Ayco Plans To Raise Up To €100M Through A Capital Increase

21 November 2017 – Expansión

The property developer Ayco plans to carry out a capital increase amounting to between €50 million and €100 million to allow new investors to acquire shares and to accelerate its business plan for the next few years. “We would like to carry out this capital increase, which has been authorised by the General Shareholders’ Meeting, at some point in 2018. For us, it will represent our definitive return to the market”, explained the firm’s President and CEO, Francisco García Beato.

Ayco is the oldest listed real estate company in Spain. The property developer, founded in 1941, with the name Inmobiliaria Alcázar and in which the Valencian businessman Onofre Miguel held a stake at the time, was one of the many victims of the real estate crisis that took hold in 2007. The property developer went on to complete a restructuring process, involving the transfer of some of its assets to Sareb at the end of 2014, and several months later, it welcomed the entry of new investors, including Alpha Moonlight, amongst others.

“After successfully completing the restructuring process, the company, which is currently listed on the “open outcry market”, is the ideal vehicle for investors looking for transparency, governance and to make their investments liquid through the stock market”, added García.

Ayco, which has own funds amounting to €8 million and a market capitalisation of €26 million, is currently working on a property development project in Palma de Mallorca, involving the construction of 24 homes on independent plots. It also owns a plot measuring 25,733 m2 between the municipalities of Gibraltar and La Línea de la Concepción, where it is building a four-star hotel with 250 rooms.

Hotel Byblos

In addition, last year, Ayco purchased Hotel Byblos (in Mijas), one of the most iconic establishments on the Costa del Sol in its heydey, for €9.75 million. This hotel, which has been closed for six years, used to be owned by the property developer Aifos, which filed for insolvency in 2009. Following a comprehensive renovation, the company plans to reopen the hotel – which will have 288 rooms, of which 65 will be newly built luxury suites – in the summer of 2019.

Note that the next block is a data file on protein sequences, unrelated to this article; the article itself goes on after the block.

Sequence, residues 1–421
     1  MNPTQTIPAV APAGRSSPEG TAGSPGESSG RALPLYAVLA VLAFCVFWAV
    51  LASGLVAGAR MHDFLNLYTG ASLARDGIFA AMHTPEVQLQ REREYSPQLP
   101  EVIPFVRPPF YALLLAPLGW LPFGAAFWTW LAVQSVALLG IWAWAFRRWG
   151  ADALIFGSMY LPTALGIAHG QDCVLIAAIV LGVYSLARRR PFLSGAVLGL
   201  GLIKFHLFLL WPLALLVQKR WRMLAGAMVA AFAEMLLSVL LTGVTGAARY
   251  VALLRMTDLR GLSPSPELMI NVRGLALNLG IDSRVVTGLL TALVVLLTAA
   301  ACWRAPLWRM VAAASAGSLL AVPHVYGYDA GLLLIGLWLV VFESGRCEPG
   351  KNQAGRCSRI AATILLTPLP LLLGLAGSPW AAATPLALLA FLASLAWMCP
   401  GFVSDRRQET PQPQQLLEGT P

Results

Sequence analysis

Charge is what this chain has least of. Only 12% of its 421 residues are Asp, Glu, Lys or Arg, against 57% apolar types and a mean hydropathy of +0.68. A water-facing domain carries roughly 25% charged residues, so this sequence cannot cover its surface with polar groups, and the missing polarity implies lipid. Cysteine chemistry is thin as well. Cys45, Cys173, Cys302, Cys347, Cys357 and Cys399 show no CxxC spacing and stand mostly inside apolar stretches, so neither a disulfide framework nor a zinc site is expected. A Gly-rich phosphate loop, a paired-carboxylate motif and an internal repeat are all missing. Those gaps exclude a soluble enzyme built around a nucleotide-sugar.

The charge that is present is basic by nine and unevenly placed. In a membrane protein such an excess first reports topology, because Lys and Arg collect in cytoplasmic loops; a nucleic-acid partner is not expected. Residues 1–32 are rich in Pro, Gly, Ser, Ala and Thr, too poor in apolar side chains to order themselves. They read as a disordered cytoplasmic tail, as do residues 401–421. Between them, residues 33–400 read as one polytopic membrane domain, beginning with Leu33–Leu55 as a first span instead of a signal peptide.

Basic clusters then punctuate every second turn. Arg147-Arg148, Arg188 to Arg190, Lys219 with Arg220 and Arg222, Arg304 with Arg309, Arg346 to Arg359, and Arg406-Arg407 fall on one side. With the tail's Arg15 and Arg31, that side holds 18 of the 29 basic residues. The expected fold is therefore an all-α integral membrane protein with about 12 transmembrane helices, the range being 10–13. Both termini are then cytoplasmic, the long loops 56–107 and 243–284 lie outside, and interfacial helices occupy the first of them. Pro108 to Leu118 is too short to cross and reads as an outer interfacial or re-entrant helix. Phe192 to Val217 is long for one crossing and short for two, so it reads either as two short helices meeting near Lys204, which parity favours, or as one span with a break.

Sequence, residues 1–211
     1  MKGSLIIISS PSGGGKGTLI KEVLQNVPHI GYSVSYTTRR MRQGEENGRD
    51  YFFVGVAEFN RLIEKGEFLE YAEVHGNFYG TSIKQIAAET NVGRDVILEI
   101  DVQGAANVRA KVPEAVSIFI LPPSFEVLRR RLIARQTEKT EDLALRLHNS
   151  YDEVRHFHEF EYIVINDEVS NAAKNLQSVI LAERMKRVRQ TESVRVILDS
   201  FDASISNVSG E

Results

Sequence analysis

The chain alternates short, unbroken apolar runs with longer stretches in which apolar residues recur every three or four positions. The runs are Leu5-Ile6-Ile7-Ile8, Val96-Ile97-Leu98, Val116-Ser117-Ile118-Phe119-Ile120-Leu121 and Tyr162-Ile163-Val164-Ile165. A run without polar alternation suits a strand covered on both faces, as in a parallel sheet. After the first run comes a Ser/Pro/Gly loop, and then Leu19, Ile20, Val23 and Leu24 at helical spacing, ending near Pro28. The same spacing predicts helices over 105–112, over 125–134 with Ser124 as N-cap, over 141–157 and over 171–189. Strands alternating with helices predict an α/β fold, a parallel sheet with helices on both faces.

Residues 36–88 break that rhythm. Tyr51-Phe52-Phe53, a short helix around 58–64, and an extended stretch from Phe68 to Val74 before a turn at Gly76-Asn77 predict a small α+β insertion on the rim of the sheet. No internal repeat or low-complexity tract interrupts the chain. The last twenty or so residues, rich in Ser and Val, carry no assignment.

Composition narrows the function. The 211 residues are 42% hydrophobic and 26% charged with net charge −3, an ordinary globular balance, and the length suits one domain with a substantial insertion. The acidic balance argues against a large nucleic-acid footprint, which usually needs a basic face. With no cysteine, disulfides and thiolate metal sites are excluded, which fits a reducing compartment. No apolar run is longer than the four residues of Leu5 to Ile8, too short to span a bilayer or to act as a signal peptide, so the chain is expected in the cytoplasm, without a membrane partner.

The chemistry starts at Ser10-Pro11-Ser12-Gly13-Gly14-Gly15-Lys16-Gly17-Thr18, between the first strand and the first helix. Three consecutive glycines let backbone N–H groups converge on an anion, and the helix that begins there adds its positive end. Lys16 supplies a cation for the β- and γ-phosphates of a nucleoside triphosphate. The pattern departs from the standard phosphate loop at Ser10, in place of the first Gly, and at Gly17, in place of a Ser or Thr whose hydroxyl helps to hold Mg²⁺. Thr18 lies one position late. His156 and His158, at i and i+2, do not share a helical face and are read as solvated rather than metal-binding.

To this end, the firm is currently holding negotiations with hotel operators interested in participating in the project, from both a management and financing perspective. “Having a significant volume of resources tied up in a single asset has an opportunity cost. The ideal scenario would be for us to identify an operational and financial partner that would allow us to retain control and in turn participate in the generation of value for the project”.

García revealed that Ayco is negotiating with one international chain that does not currently have a presence in Spain and one Spanish hotel operator. In both cases, the partners work with real estate investors.

Ayco also owns land with a buildable surface area of 85,000 m2 in Málaga, Sevilla and Cádiz, where it plans to build around 800 homes. Moreover, it is evaluating operations to buy plots for the construction of another 1,000 homes in Andalucía, the Balearic Islands, Madrid and the north of Spain. Specifically, it plans to spend €15 million on the execution of those purchase opportunities.

The company will close 2017 with a turnover of around €5 million and a net profit of €500,000. It expects to generate earnings of €10 million in 2018 and of up to €24 million in 2022.

Original story: Expansión (by Rebeca Arroyo)

Translation: Carmel Drake

Ayco Buys Hotel Byblos In Mijas For €60M

26 September 2016 – Real Estate Press